I was fortunate to be the only (paid) student assistant to Professor Price, Williams College’s one man Department of Anthropology in 1968. The job put me in the prime position to accompany him and other students on the January 1968 Winter Study expedition to Roatan Island, a Caribbean island belonging to and just off the coast of Honduras. He chose this locale for our anthropology study project, in part, because the residents’ primary language was English, and they were receptive to hosting our group (for not much money). Roatan formerly was part of British Honduras, which is now Belize.
My friend, Skip Edmonds, also signed up for the expedition (Skip, like me, was from Richmond, Virginia, and we had roomed together during our freshman year). We arrived on the island on January 1 before the rest of the group and were given our choice of host families. We chose the west end of the island, the most remote and beautiful part of Roatan, while most of the other students were assigned along with Dr. Price to live with families nearer the town or in more populated areas. There were several host families from which we could chose, and, on the flip of a coin, I won first choice. Of course, I chose the family with a house on the beach, on stilts, with a terrific view of the ocean. Skip’s family lived off the beach up on a small hill.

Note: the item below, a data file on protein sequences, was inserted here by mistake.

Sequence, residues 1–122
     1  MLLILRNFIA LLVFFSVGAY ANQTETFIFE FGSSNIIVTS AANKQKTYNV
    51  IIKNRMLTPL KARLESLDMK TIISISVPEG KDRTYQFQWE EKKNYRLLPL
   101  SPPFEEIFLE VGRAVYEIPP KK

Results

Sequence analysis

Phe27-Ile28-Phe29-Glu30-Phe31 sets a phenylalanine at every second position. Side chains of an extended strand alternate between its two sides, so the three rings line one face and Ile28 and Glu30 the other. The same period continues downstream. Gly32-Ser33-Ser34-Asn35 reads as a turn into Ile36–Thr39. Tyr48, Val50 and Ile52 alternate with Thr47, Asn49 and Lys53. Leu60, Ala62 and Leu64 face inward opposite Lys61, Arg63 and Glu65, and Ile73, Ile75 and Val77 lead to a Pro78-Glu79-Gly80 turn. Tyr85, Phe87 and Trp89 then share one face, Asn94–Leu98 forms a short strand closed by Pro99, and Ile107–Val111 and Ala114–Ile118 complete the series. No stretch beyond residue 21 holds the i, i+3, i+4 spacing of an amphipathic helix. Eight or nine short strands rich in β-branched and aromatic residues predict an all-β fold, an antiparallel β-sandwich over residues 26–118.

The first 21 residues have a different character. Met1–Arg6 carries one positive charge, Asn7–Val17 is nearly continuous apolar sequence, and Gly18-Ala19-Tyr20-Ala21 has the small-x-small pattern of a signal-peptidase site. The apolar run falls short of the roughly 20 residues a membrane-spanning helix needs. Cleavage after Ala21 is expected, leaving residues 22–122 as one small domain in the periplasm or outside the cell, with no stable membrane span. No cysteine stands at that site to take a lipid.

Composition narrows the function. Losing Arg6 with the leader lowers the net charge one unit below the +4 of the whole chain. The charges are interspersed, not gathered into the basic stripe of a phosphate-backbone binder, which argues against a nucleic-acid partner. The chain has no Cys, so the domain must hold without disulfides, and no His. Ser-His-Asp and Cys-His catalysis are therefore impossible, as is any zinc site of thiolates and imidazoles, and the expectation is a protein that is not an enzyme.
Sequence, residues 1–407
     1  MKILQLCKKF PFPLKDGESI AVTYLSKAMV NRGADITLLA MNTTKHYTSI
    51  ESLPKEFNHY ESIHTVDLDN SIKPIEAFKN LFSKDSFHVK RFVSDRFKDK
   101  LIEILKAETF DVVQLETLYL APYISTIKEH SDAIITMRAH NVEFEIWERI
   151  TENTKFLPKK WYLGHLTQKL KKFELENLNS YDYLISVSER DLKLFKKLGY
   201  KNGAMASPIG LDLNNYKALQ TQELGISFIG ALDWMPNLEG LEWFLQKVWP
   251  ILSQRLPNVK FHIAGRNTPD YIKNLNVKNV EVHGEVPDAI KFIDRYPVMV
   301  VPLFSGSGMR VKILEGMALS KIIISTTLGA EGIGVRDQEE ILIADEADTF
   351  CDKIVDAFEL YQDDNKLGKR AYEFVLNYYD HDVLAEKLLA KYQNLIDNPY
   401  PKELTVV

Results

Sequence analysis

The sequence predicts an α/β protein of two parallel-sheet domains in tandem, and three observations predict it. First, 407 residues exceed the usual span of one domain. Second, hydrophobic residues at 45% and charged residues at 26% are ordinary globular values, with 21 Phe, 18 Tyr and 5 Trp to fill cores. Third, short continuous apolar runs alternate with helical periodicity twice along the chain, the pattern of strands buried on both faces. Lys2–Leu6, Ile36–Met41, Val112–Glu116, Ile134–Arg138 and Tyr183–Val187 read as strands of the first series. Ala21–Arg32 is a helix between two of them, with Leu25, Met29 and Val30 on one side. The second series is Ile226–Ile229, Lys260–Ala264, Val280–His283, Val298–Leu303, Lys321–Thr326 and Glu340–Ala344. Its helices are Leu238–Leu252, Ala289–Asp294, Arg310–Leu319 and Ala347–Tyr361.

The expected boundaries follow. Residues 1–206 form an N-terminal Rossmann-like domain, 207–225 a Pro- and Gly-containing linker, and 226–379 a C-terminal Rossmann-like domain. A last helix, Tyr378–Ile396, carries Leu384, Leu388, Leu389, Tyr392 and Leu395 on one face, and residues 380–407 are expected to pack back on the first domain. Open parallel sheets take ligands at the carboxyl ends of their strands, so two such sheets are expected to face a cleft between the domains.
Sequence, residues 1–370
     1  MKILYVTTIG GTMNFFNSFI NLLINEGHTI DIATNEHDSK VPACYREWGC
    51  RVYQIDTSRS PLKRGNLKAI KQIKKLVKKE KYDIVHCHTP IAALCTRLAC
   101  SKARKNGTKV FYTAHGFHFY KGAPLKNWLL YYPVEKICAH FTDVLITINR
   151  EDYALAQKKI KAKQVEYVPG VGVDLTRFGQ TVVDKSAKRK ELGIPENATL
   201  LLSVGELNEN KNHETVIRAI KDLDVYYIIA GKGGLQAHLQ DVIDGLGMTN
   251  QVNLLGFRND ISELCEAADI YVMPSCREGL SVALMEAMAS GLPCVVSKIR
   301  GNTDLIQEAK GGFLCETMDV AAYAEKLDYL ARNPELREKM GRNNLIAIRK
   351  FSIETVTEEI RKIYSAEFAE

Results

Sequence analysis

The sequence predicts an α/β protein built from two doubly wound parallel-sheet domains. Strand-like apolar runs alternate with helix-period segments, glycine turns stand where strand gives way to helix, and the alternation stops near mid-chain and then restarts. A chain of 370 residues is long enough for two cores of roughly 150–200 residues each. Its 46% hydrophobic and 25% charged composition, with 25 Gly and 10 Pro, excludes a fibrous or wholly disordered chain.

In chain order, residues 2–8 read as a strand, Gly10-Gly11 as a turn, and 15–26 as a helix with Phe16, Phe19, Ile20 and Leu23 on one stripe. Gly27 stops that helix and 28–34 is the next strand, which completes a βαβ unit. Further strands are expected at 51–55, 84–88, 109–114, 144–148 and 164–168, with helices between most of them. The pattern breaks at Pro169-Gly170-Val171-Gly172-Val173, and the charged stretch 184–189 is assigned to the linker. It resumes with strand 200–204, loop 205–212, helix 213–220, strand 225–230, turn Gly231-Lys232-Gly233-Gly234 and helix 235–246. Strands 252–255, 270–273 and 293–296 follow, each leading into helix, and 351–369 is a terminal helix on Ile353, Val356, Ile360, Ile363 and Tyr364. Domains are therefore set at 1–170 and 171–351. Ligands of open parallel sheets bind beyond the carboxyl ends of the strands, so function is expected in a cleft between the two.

B. First Impressions
My hosts were an older couple, Paul and Serena Ebbans, who had no resident children. Their stilted house consisted of four rooms and a front porch looking out to sea. It was near Half Moon Bay, an unspoiled picture postcard perfect bay with white sand beaches, surrounded by palm and coconut trees. This part of the island was thinly populated; only a few houses could be seen from the Ebbans’ house, none of which were so beautifully situated.